Plaintiff has filed objections to the Magistrate Judge's report and recommendation, (Doc. 27), arguing that the Magistrate Judge failed to properly apply the standard enunciated in Tinker v. Des Moines Independent Community School District by dismissing her First Amendment claims, and that he misapplied the facts when considering Defendant Leonard and qualified immunity for all Defendants.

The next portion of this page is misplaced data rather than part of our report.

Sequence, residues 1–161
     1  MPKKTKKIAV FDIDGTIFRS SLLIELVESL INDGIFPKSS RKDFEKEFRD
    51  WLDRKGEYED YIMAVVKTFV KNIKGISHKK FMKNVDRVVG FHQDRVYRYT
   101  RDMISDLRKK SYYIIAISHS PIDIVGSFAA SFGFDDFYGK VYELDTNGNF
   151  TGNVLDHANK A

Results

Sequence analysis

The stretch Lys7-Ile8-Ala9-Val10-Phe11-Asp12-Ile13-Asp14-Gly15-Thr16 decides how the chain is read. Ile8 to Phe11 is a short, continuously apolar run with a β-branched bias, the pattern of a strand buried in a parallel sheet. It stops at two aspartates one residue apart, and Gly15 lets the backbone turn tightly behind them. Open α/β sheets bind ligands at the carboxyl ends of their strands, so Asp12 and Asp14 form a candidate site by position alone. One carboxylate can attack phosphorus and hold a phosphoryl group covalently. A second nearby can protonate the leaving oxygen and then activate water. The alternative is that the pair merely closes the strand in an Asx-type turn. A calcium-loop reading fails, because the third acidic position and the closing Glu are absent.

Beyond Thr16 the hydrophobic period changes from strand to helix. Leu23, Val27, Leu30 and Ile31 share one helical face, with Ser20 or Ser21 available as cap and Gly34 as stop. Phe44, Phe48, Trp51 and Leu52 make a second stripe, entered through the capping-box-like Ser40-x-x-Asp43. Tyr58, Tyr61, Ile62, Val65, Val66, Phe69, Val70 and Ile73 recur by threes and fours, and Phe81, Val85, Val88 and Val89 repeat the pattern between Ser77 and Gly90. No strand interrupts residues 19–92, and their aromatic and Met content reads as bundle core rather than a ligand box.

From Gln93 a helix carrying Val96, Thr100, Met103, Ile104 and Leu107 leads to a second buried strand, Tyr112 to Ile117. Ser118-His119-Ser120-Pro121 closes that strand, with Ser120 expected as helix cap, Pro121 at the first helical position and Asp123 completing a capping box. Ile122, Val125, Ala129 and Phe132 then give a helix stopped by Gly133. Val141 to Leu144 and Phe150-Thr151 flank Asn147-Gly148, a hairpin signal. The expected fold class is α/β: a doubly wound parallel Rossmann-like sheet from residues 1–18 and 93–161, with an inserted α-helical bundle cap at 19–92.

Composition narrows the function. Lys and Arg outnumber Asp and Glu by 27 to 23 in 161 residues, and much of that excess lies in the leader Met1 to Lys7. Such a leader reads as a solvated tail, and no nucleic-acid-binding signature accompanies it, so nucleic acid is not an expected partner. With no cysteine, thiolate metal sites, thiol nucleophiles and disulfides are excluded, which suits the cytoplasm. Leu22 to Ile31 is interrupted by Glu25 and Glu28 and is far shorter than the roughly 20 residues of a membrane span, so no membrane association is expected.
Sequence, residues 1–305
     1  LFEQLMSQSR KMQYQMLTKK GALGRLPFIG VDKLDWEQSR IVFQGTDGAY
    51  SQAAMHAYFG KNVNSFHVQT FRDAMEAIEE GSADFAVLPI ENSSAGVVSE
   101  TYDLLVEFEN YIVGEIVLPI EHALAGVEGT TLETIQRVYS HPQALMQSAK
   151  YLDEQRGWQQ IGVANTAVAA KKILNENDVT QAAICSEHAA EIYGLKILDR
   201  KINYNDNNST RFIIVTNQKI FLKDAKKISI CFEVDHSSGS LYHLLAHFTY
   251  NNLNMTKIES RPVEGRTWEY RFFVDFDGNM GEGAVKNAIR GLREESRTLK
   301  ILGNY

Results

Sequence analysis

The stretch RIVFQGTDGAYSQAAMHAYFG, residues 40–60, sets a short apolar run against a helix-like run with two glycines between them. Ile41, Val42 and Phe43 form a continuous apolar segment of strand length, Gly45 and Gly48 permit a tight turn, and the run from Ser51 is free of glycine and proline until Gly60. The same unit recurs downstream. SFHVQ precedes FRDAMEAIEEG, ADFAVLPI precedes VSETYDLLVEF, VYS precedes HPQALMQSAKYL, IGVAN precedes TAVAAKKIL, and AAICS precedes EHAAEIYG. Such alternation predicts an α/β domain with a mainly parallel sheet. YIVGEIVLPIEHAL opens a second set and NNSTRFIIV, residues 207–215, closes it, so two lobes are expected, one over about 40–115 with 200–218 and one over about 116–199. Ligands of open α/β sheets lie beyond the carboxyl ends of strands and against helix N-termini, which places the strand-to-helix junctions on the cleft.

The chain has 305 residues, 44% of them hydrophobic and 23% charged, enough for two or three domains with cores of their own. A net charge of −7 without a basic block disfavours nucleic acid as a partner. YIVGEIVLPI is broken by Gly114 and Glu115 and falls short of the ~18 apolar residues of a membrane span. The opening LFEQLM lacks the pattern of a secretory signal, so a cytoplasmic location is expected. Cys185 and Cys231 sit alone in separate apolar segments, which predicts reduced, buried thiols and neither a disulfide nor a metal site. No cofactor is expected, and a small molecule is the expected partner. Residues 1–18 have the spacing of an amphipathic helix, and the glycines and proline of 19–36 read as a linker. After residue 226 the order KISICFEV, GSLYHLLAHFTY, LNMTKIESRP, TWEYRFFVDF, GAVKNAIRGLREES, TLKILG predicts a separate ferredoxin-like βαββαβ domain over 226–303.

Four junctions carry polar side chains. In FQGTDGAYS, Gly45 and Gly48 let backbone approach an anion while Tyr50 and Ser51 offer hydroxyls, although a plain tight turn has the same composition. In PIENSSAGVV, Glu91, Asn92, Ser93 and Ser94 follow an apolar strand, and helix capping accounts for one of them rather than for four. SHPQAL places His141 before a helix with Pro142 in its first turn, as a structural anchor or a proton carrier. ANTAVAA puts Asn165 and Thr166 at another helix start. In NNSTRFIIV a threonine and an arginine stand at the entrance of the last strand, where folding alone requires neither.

Where a Magistrate Judge makes a finding or ruling on a motion or issue, his determination should generally become that of the court unless a specific objection is filed within the prescribed time. See Thomas v. Arn, 474 U.S. 140, 150-53, 106 S.Ct. 466, 472-74, 88 L.Ed.2d 435 (1985). Where, however, as here, objections are filed to the Magistrate Judge's report and recommendation, the district court is required to give plenary consideration to the matter and make a de novo determination of the contested issues, see Sample v. Diecks, 885 F.2d 1099, 1106 n. 3 (3d Cir. 1989); 28 U.S.C. § 636(b)(1)(C)); Henderson v. Carlson, 812 F.2d 874, 878 (3d Cir. 1987); Owens v. Beard, 829 F. Supp. 738, 738 (M.D.Pa. 1993), provided the objections are both timely and specific, see Goney v. Clark, 749 F.2d 5, 6-7 (3d Cir. 1984). Although the review is de novo, the statute permits the district court to rely on the recommendations of the Magistrate Judge to the extent it deems proper. United States v. Raddatz, 447 U.S. 667, 676, 100 S.Ct. 2406, 2413, 65 L.Ed.2d 424 (1980); Goney v. Clark, 749 F.2d 5, 7 (3d Cir. 1984); Ball v. United States Parole Commission, 849 F. Supp. 328, 330 (M.D. Pa. 1994). The district court may accept, reject, or modify, in whole or in part, the factual findings or legal conclusions of the Magistrate Judge. 28 U.S.C. § 636(b)(1); Owens, 829 F. Supp. at 738.